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Doody's Review ServiceReviewer: Darrell A Owens, DNP (University of Washington Medicine)
Description: This introduction to palliative care describes current models of delivering palliative care across care settings and explores opportunities in the setting of healthcare policy reform for palliative care to improve outcomes for patients, families, and healthcare institutions.
Purpose: Providing a platform on which to build the reform discussion, the book focuses on 16 key areas where palliative care could have a substantial role in reform and improvement, as well as real-world policy options to help accomplish these goals. Given the aging of the population, the current climate of healthcare reform, and the implementation of the Affordable Care Act, the objectives of the book are both critical and essential for an understanding of the potential impact of palliative care. Each chapter is thoughtful and thorough, providing clarity as it examines the issue.
Audience: It is written for a broad and sophisticated audience. It is a roadmap for policy and program design, and is therefore a useful resource for policymakers and healthcare administrators. The book, and specifically the first chapter, "When More is Less: Overuse of Medical Services," should be required reading for nurse practitioner and medical students. For seasoned clinicians, the book confirms the daily experience of caring for the elderly. The authors and editors are respected clinicians and academicians in their fields.
Features: Starting with the critical topic of overtreatment, every chapter in the book provides meaningful information and, depending on their role in healthcare (policy maker, academician, clinician), readers will likely have different favorite chapters. As a practicing nurse practitioner in both geriatrics and palliative care, I found the first chapter a refreshing acknowledgement of the challenges of overtreatment in the current model of caring for the elderly. Additional topics discussing disparities in access to palliative care, quality outcomes and measures, and models of care delivery and coordination are just several examples of the valuable information this book contains. For readers exploring possible solutions to managing an aging and frail population in their institutions, the book provides examples of models currently in place and notes their specific strengths and weaknesses. While there is some overlap of content between chapters, it is minimal and, for readers not familiar with palliative care, this does serve as a refresher.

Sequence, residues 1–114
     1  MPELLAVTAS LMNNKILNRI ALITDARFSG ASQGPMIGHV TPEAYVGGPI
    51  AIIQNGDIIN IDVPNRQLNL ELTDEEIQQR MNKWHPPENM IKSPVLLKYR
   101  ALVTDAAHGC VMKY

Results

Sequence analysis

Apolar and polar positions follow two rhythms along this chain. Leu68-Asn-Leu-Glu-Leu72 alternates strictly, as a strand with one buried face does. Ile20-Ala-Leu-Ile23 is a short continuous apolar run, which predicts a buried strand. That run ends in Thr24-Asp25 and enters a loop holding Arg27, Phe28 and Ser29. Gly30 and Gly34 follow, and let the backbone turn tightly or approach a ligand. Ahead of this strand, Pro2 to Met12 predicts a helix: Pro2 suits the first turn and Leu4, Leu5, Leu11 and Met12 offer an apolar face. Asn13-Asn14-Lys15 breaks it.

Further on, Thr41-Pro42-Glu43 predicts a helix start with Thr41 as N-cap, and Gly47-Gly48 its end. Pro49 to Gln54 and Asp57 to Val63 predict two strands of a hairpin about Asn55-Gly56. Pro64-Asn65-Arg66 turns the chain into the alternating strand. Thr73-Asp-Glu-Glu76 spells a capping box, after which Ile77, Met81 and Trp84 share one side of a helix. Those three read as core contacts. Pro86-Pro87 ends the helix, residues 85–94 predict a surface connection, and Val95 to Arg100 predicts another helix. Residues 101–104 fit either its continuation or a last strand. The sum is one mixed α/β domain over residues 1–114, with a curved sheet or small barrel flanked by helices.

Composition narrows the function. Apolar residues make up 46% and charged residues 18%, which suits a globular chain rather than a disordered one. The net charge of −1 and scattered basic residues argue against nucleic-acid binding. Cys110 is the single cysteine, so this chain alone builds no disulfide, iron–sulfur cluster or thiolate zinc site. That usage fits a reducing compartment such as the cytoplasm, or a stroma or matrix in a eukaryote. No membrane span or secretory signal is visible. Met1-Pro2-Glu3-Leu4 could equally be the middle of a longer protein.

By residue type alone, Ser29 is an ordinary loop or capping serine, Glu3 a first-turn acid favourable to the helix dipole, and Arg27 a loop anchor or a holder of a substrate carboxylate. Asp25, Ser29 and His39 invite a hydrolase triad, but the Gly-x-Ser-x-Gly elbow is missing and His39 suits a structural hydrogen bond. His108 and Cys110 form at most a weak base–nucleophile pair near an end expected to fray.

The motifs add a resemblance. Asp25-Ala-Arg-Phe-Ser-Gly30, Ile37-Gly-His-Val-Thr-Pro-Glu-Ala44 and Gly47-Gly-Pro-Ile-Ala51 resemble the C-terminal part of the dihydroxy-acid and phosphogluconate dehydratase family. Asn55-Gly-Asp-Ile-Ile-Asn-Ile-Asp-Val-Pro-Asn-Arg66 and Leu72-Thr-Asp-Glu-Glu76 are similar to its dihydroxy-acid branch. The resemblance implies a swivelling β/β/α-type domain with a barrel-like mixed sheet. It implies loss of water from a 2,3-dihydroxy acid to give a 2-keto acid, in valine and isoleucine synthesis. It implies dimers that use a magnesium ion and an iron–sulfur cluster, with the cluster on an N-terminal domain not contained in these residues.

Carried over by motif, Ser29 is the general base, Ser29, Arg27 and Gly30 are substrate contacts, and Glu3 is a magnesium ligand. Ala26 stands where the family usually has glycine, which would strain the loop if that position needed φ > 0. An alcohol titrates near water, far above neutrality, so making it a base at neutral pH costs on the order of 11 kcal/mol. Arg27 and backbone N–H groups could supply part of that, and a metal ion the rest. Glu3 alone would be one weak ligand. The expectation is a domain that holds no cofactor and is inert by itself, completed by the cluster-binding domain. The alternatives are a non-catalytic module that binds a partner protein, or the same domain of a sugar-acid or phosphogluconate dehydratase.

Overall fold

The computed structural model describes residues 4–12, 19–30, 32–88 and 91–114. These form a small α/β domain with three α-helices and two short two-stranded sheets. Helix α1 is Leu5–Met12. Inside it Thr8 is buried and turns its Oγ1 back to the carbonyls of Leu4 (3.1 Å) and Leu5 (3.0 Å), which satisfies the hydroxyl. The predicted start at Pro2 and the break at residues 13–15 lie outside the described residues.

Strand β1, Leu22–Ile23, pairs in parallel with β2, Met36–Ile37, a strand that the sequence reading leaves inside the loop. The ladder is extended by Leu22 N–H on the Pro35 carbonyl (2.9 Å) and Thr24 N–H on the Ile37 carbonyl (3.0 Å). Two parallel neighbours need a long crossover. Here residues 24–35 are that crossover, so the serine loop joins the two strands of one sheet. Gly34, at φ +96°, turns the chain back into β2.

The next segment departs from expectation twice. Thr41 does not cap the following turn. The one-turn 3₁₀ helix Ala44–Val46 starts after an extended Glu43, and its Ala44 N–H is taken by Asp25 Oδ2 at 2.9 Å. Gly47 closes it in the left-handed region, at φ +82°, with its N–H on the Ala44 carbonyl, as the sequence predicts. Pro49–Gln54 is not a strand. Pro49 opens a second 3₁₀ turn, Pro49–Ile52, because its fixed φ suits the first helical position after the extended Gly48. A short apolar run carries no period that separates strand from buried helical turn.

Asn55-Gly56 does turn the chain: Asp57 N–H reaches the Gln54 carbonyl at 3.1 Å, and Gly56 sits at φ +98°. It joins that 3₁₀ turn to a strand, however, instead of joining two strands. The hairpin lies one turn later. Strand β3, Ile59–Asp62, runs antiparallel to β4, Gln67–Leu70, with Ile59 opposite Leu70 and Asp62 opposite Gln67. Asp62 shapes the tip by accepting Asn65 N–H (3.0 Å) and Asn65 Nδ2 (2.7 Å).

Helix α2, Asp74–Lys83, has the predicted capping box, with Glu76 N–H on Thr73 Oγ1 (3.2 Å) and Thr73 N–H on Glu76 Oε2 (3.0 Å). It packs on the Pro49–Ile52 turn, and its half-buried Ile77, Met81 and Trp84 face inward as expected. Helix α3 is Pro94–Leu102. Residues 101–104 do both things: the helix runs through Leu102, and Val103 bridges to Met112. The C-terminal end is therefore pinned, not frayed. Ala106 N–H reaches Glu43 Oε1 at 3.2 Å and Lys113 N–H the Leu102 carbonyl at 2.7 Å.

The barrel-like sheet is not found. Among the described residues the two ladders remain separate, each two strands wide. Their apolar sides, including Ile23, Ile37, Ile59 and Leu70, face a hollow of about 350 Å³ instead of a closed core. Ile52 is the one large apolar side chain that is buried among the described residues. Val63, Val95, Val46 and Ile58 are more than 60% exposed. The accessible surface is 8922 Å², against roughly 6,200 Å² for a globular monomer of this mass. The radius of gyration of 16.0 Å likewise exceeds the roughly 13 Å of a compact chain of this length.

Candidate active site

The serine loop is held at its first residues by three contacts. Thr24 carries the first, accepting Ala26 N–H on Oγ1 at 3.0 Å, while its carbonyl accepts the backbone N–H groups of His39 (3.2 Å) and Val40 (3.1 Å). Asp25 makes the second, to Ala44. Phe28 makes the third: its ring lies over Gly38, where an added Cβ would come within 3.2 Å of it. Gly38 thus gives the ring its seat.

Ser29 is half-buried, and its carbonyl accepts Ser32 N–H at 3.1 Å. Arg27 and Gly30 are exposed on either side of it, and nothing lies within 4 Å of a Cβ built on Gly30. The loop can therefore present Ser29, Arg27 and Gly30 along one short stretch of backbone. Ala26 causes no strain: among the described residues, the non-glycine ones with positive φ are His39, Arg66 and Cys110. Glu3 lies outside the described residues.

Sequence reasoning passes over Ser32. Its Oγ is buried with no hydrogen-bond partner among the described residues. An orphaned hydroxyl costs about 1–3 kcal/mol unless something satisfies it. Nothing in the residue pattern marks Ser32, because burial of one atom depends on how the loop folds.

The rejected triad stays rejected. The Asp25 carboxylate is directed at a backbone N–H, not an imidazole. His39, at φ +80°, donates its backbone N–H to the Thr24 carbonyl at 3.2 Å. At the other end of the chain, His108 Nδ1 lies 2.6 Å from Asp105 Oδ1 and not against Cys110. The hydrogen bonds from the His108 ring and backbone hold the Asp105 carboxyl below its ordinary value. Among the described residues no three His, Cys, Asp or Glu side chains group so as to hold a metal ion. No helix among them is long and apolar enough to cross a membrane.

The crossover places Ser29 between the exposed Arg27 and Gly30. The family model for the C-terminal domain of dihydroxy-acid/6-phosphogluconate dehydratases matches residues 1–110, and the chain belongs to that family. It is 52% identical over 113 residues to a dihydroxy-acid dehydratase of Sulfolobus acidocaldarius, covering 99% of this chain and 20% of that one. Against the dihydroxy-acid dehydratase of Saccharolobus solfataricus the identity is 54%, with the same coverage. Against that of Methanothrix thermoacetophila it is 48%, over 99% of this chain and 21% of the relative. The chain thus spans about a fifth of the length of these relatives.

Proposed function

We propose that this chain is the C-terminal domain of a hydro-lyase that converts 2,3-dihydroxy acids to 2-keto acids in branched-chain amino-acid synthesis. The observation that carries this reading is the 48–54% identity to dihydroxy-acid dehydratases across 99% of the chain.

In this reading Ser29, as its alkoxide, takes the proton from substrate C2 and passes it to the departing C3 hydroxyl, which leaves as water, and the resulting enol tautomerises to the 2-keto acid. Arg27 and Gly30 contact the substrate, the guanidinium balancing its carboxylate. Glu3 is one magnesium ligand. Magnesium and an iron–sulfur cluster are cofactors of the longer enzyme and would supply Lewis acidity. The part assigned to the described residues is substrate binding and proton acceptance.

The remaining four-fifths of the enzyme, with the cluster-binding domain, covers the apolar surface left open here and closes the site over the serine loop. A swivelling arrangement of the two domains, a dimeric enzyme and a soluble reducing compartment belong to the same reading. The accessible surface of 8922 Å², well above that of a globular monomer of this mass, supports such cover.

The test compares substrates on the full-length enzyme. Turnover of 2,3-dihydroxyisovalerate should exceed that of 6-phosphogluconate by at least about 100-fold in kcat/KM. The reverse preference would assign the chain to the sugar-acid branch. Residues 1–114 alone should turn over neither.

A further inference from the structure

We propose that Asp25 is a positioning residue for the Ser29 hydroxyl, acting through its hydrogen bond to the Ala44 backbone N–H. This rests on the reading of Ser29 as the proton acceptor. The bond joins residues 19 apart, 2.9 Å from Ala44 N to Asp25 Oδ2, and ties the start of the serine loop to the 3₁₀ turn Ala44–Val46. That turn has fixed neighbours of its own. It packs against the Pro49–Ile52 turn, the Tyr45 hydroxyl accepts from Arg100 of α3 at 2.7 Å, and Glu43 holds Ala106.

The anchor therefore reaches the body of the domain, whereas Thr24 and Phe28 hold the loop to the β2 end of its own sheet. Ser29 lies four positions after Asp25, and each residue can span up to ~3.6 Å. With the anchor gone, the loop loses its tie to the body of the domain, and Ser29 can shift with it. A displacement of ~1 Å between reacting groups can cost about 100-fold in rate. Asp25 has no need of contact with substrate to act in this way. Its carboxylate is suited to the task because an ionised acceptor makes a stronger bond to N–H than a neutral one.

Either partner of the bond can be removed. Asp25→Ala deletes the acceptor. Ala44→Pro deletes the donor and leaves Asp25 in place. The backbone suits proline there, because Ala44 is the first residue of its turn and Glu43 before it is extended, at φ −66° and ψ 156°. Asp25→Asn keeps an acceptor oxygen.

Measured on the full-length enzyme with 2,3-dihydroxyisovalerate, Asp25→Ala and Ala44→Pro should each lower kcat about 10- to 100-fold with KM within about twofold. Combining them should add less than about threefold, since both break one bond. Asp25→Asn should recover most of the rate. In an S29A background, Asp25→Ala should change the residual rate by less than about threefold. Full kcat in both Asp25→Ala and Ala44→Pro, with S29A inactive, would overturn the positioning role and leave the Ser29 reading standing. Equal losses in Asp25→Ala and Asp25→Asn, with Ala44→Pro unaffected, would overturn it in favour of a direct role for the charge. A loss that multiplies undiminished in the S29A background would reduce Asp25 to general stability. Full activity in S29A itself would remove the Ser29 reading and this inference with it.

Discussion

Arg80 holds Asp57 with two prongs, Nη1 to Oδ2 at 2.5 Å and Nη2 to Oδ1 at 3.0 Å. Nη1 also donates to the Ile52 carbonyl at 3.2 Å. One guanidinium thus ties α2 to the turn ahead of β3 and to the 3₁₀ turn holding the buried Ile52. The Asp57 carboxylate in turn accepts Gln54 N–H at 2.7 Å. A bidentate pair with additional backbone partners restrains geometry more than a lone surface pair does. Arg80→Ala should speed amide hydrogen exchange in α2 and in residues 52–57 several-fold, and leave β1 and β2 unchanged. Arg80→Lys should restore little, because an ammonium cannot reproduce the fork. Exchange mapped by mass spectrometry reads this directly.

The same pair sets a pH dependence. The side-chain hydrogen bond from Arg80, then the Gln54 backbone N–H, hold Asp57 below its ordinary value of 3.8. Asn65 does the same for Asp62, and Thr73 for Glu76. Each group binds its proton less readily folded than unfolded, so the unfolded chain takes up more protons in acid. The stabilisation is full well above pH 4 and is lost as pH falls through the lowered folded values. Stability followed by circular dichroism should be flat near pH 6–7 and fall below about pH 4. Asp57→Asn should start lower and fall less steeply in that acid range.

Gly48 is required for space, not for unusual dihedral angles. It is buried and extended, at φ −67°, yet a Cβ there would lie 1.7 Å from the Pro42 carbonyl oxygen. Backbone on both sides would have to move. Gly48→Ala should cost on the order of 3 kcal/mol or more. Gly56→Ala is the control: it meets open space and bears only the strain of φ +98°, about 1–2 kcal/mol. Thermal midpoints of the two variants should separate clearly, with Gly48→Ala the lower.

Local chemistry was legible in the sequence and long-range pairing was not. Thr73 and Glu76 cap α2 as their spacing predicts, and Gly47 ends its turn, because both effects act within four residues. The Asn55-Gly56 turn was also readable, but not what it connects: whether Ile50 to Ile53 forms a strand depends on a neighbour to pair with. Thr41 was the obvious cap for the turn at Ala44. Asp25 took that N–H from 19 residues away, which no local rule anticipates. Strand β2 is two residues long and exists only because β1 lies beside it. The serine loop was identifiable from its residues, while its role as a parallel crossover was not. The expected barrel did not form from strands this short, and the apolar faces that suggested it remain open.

Assessment: This is an exceptional book. Other books in the field examine palliative care and people with serious illness, but none do so in the context of policy, healthcare reform, and examination of possible solutions. This is an excellent resource and guidebook for those looking to improve palliative care in the future.